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Driven by an obsessive determination to save the ones he loves, Nathan travels through a hellish world having to battle himself as much as the living and dead evils that plague the land.
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By Mike Naka on 03-09-14
decent zombie story
Any additional comments?
as the story opens, the main character, nathan, is at his job. he is a police dispatch officer at the vcu (virginia commonwealth university) police station. nathan works the midnight shift and between calls, he's been pouring over the news about the latest virus going around that's making people sick. the r-32 pr virus is highly mutable, and the latest version, 32, is starting to cause 3 out of 10 people to develop some strange symptoms- their veins become black and visible and are prone to violence.
when a call comes in that a bum is attacking a student, nathan's friend, lance, is sent to investigate. however by the time lance gets there, the bum is dead. the rookie officer shakily explains that the bum was attacking the student and wouldn't heed his calls to stop. then when the bum started to come after him, body shots didn't stop the bum. only an accidental face shot stopped him. lance is sworn to secrecy by his commander.
the next night, nathan finds a mysterious note from lance, saying to meet him after his shift and that he doesn't trust the phones. over beers, lance tells nathan about the scene he came upon- how the bum had bitten chunks out of the student's body and even bitten off the tip of the student's nose. lance tells him that if any of this gets out he'll be in serious trouble, and that he's only telling him b/c they're friends and nathan has a family. when nathan jokingly says that lance's story reminded him of the zombie movies they'd watched, lance acts as if he's been struck by lightning. but they both resolve that they need to make plans just in case the $h!t really hits the fan.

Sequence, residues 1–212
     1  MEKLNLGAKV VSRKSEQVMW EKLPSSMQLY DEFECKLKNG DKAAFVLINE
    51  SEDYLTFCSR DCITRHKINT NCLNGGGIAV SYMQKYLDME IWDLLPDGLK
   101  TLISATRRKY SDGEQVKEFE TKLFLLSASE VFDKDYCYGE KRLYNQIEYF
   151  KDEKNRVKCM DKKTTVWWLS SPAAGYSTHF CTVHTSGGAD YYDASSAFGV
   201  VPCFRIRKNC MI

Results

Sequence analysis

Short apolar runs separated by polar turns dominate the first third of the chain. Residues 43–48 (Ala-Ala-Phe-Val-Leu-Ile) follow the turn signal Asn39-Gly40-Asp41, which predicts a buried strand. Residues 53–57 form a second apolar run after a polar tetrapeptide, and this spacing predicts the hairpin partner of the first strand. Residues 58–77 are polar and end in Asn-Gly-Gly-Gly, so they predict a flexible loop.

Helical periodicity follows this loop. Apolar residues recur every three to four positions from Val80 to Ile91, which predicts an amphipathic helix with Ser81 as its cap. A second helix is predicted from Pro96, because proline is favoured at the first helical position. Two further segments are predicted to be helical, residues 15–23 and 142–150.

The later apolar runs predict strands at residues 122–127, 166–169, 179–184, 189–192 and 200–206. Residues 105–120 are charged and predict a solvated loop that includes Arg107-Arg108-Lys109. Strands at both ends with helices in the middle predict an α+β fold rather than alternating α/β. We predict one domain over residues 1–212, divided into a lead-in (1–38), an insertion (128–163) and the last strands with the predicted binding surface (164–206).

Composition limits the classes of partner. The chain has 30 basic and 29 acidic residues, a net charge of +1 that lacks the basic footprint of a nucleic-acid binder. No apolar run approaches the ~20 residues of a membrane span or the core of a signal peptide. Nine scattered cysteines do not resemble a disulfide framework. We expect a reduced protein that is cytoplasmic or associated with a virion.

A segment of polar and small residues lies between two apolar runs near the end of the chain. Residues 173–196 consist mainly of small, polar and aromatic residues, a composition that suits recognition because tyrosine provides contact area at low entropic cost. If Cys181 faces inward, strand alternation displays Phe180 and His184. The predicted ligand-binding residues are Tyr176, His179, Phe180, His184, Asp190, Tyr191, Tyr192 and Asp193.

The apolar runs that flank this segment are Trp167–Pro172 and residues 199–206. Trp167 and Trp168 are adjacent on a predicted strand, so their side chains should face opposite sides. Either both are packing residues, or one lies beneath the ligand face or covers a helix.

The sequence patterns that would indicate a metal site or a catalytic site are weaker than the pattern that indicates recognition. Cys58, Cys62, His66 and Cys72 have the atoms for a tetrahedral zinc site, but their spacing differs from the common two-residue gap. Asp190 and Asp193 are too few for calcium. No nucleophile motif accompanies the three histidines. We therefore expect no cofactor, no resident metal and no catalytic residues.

a couple of nights later, nathan and lance find themselves trapped in the police station. their commander has ordered a lockdown- nobody in and nobody out until help arrives. so, they scheme to sneak out to get home to their families.
i liked this story. even though nathan works for the police, he doesn't carry a gun on the job. he's a 30 something overweight dispatch caller. lance has the only gun as they flee, but it's a weapon of last resort. as they flee the police station, they decide to sneak through vcu's campus. it is an interesting perspective i haven't listened to.
plus, i may be a little biased, but i graduated from vcu so i'm really familiar with the surroundings. it was the first story i followed on google maps (just type in vcu police). it was kind of a thrill listening to a zombie story that takes place in my hometown. geezzz! the fictional character, nathan, lives 5 to 10 minutes away from me in south side. LOL
all biases aside, this is a pretty good zombie apocylapse story. the character makes choices opposite to those in other zombie novels. no, i'm not going to tell you what i mean! this is mostly an action story with some character development. the story is told in first person by nathan. i think the author does a good job describing the mental and physical hell a person would go through trying to get home to his family.
the narration is pretty good. there aren't a lot of characters, but i was happy with the performance. the narrator, basil sands, reminded me of ray porter from joe ledger stories.
the epilogue is kind of weird. it was the only part that threw me. i was like WTF? how am i supposed to take this? i won't spoil it. but, i'm hoping there's a second book.
overall, a pretty good fast-paced zombie story.
7 of 7 people found this review helpful
By Erik on 09-03-14
Annoying main character
What disappointed you about The Reaper Virus?
The main character is an annoying guy. He either spaces out and doesn't pay attention or gets hyper worried about doing something dumb that gets him killed before he gets home. In the end you are actually rooting for him to die.
Would you ever listen to anything by Nathan Barnes again?
Too many uses of the same analogy and meatphors so probably not. Also logic flaws in what he has main character do.
Did Basil Sands do a good job differentiating all the characters? How?
Ok for what he was given.
You didn’t love this book... but did it have any redeeming qualities?
2 of 2 people found this review helpful